OpenStreetMap Where am I? Welcome to OpenStreetMap! OpenStreetMap is a map of the world, created by people like you and free to use under an open license. Hosting is supported by UCL, Bytemark Hosting and Imperial College London, and other partners. Learn More Start Mapping 4 GIS Weather Data Sources - GIS Geography It’s always raining somewhere on Earth. Have you ever asked yourself: I wonder if it’s always raining somewhere in the United States? GIS can provide the answer to that question and so much more! But you’ll need this helpful guidance in order to find some weather data as an input. We look at the best sources for GIS weather data in North America that you may not already know about.
National Transfer Accounts Project National Transfer Accounts The goal of the National Transfer Accounts (NTA) project is to improve our understanding of the generational economy. How does population growth and changing age structure influence economic growth, gender and generational equity, public finances, and other important features of the macroeconomy? As part of the NTA project, research teams in more than 40 countries are constructing accounts, measuring how people at each age produce, consume, and share resources, and save for their future. The accounts are designed to complement the UN System of National Accounts, population data, and other important economic and demographic indicators. The National Transfer Accounts project is shedding new light on many areas of importance to policymakers.
Why all men should be able to read a map So here’s a quick refresher course: What is a map? Maps are simply an accurate 2-D rendering of the ground as seen from above, scaled down from life-size with symbols to show the landscape accurately including particular features such as roads, footpaths and landmarks. How statistics lost their power – and why we should fear what comes next In theory, statistics should help settle arguments. They ought to provide stable reference points that everyone – no matter what their politics – can agree on. Yet in recent years, divergent levels of trust in statistics has become one of the key schisms that have opened up in western liberal democracies. Shortly before the November presidential election, a study in the US discovered that 68% of Trump supporters distrusted the economic data published by the federal government.
I-Use - Statistics in education Data overwhelms our modern lives, however statistical approaches offer tools to help us to organise and interpret data. The I-USE project has involved the creation of a website which provides easily accessible statistics; some ready-made and some via links to databases. The aim is to increase the use of updated statistics in education for both students and teachers, and develop thinking about the misuse of statistics, so that teachers are more statistically literate. One main objective of I-Use has been to focus on teaching and learning activities considered necessary for the professional development of teachers who can support their students in becoming statistically literate, capable of reasoning information and making informed decisions based on quantitative information. One of the goals of the project is the creation of an in-service teacher-training course that will deal with how to make sense of information through different presentation forms and media. link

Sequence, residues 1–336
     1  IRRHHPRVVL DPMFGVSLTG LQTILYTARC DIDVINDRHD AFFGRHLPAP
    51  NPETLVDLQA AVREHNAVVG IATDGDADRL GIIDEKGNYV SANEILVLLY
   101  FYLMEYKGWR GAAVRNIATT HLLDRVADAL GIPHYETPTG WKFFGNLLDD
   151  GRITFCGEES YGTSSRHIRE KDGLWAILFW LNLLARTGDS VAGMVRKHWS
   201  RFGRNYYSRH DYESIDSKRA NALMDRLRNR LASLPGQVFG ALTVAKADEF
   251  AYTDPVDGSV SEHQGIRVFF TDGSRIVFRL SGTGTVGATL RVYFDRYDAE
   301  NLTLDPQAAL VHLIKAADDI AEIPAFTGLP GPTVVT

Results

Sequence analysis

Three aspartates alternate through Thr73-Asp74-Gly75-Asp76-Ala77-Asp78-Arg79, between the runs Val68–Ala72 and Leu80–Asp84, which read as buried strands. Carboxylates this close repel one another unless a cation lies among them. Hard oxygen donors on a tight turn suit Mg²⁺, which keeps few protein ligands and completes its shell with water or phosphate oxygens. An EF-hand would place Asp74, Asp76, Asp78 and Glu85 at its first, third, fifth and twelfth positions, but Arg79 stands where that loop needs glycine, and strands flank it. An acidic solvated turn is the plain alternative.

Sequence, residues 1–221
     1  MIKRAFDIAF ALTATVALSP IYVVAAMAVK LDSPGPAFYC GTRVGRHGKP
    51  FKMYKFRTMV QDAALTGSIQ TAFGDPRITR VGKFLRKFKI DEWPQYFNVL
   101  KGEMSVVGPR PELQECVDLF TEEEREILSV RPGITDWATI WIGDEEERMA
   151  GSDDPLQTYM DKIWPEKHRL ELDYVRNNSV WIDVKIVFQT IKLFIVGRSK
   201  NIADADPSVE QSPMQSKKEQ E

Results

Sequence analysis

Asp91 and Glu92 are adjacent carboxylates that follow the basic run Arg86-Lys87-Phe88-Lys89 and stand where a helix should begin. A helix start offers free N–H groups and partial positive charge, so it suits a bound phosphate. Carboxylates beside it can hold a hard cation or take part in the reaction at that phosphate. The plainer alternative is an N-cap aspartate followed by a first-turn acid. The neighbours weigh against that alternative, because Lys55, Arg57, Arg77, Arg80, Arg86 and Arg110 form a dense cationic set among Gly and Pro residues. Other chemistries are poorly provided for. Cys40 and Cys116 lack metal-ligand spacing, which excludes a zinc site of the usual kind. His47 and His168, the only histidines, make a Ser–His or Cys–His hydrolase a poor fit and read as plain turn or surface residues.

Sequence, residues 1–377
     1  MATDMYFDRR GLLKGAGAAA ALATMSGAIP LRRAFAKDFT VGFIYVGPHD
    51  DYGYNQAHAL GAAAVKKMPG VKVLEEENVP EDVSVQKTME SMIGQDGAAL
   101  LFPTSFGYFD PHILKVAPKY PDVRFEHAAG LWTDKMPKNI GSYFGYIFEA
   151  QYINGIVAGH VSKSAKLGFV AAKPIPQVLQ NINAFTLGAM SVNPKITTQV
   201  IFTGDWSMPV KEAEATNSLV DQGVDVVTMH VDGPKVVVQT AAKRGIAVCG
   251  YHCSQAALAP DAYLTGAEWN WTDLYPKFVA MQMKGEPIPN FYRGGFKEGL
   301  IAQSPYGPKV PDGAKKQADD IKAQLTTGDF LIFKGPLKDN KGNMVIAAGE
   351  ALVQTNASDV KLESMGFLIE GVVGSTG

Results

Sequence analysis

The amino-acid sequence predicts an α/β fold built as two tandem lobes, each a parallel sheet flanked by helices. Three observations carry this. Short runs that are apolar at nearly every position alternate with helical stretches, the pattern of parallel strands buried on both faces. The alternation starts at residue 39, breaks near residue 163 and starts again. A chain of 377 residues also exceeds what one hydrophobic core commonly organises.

40 Maps That Explain The Middle East Maps can be a powerful tool for understanding the world, particularly the Middle East, a place in many ways shaped by changing political borders and demographics. Here are 40 maps crucial for understanding the Middle East — its history, its present, and some of the most important stories in the region today. Middle East History The fertile crescent, the cradle of civilization The fertile crescent, the cradle of civilizationIf this area wasn't the birthplace of human civilization, it was at least a birthplace of human civilization. The Map of Mathematics: Animation Shows How All the Different Fields in Math Fit Together Open Culture Back in December, you hopefully thoroughly immersed yourself in The Map of Physics, an animated video–a visual aid for the modern age–that mapped out the field of physics, explaining all the connections between classical physics, quantum physics, and relativity. You can’t do physics without math. Hence we now have The Map of Mathematics. Created by physicist Dominic Walliman, this new video explains “how pure mathematics and applied mathematics relate to each other and all of the sub-topics they are made from.” Watch the new video above.
20 maps that never happened Maps are a powerful way of illustrating not only the world that is, but worlds that never have been. What follow are not fictional maps — there's no Westeros or Middle Earth — but plans and hypotheticals that never came to pass. You'll see military plans for invasions that didn't happen or conquests that were hoped-for and never achieved. You'll also find daring infrastructure schemes that would have remapped cities and even whole continents. There are proposals for political reform — some serious and some more fanciful — as well as deeply serious plans for entire independent nation-states that have never been brought to life.
Hans Rosling obituary It was his first Ted talk that thrust renowned Swedish academic Hans Rosling into the international spotlight in 2006, billed as the man in whose hands data sings. Since then, the statistician more likely to illustrate an idea with a few multi-coloured lego bricks than a PowerPoint has been described as everything from a data guru to a Jedi master of data visualisation. He died on Tuesday, aged 68, after a year-long illness, surrounded by his family in Uppsala, Sweden.